New campaign encourages higher education
ELISABETH SMITH | ASST. NEWS EDITOR | THE USD VISTA
First Lady Michelle Obama announced a new campaign to promote higher education across the nation, Oct. 19. The Better Make Room campaign seeks to praise students who are striving toward continuing their education.
The first lady has partnered with nonprofits, businesses, and social media websites to promote higher education in a more attractive light to young people.
“This campaign will leverage traditional and new media platforms to celebrate student stories in the same way that we often celebrate celebrities and athletes,” the press release states. “Through an integration of celebrities, peers, influencers, and partners who step outside their own accomplishments to lift up those of another, the campaign gives achievement, smarts, conquest and reaching higher the spotlight they deserve.”
While University of San Diego students have already received the message of higher education, it is clear to them why the campaign is important. The use of social media and positive messages spread through organizations impact youths.
Sophomore Sarah Fazackerley believes that the campaign could bring a more serious tone about college in social media.
“I think it will help spread the idea that college is important and make the idea more attractive,” Fazackerley said. “Instead of [social media being] like meaningless gossip about celebrities”
When looking at popular culture, Fazackerley found that higher education was not highlighted as an important step toward a successful life.
“I don’t think that it supported going to college because most of the people that are making a lot of money or are on TV, either inherited their money or didn’t really need college,” Fazackerley said.
Sophomore Emma Nowakoski noticed similar themes in pop culture, specifically on TV advertisements.
“I’ve always noticed that back to school commercials are always for middle schools or little kids,” Nowakoski said. “They’re never directed to college aged kids. I think that it is because only like 30 percent of the population goes to college, so advertisers only aim at audiences who are for sure going to school, and college is not guaranteed.”
While junior Nina Green sees the positive benefits of promoting college through pop culture, she fears bringing higher education to the entertainment industry could have negative effects.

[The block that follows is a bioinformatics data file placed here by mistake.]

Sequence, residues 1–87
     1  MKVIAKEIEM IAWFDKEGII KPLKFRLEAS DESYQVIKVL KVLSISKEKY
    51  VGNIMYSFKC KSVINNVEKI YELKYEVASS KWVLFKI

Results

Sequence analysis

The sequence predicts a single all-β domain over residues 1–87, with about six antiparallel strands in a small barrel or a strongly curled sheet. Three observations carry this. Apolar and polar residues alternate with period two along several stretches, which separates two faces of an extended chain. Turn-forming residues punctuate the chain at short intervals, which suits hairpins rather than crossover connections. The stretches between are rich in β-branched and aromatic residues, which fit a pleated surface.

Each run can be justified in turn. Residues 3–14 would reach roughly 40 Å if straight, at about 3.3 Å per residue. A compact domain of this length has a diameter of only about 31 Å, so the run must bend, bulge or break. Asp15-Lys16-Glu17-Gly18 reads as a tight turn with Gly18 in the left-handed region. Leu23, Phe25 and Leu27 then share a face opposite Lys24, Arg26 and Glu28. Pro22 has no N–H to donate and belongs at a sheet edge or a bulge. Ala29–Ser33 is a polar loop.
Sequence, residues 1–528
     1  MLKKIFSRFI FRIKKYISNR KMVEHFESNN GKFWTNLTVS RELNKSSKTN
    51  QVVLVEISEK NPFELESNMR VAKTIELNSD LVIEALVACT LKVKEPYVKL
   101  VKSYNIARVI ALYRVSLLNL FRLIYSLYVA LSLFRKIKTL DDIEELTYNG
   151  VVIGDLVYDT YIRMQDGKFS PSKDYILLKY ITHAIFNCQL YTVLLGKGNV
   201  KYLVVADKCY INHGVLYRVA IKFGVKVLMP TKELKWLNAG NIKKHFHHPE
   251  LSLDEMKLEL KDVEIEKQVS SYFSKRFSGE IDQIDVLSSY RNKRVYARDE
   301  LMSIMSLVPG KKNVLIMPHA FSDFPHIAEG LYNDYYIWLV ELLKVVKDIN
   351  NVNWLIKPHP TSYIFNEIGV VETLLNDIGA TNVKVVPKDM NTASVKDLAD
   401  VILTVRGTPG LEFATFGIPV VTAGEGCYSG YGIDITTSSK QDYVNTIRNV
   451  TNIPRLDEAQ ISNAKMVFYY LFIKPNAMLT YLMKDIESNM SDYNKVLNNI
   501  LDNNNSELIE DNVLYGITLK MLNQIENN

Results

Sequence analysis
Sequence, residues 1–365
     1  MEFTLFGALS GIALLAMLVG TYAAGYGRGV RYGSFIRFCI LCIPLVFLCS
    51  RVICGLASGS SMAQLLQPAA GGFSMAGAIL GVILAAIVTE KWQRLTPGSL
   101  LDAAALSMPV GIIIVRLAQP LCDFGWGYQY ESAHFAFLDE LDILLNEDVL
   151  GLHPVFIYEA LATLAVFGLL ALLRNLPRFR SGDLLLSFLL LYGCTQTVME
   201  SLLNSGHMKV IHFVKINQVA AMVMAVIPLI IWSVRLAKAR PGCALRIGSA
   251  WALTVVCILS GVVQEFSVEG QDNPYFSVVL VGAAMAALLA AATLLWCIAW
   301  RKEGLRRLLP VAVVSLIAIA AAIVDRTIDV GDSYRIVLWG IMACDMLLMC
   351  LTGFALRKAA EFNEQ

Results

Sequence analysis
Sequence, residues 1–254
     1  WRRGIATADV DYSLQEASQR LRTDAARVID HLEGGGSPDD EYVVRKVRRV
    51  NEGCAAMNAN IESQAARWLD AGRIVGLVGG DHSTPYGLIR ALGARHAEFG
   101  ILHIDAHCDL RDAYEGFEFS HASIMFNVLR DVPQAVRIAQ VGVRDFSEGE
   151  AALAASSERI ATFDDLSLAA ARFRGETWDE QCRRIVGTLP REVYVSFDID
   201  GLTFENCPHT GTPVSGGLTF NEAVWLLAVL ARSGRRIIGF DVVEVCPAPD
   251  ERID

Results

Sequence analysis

“It may be hard for people to constantly be seeing celebrities promoting this idea of higher education when some people cannot afford it,” Green said. “It may affect kids how the modeling industry affects teenage girls, and give [the kids] a negative self-image because they can’t [afford] to go to college when a majority of people around them can.”
Despite this possible effect, Green found that growing up in a small town, the culture promoted higher education.
“I do feel like the culture around me leaned more towards going to college,” Green said. “I am from a small town where everyone knows everyone and those who don’t leave for college generally stay there for a good amount of time, so there is a big incentive to get out through going to college. All the people that I looked up to either in my family or in my older friends had gone to college and spoke so highly of it that it became something that I wanted to have an experience with as well.”
To help promote this positive culture of higher education, Vine, the CW Network, Funny or Die, and Seventeen, and 22 other companies partnered with the campaign, according to the office of the First Lady. These companies will take advantage of their broad audiences through social media and publishing original content.
“Seventeen will promote and amplify the Better Make Room campaign across its brand platforms including print, digital and social reaching over 30 million teens,” the press release states. “Additionally, Seventeen will play an important role in ongoing campaign efforts by featuring the Better Make Room messaging within a story on money matters for teens in March and a Cheat Sheet series running through September providing useful information to teens on education, funding and more.”
In addition to the promotion and messaging that Seventeen is providing, the campaign also aims to help young people understand the steps to higher education, and the tools and resources that are available to them. These include, registering for SAT and ACT, visiting campuses, filling out FAFSA, and completing at least four college applications.
By targeting the young demographic through the outlets they use most, the campaign hopes to quickly spread their message of higher education.
Better Make Room is part of the Obama administration’s effort to make college easier to access for everyone. It includes simplifying the FAFSA, reforming student aid, and increasing pell grants and education tax credits.
If students are interested in finding out more about the campaign, they can visit Bettermakeroom.org.
Hopefully these efforts will encourage more students to find success through a college education, and promote the academic side of the college experience.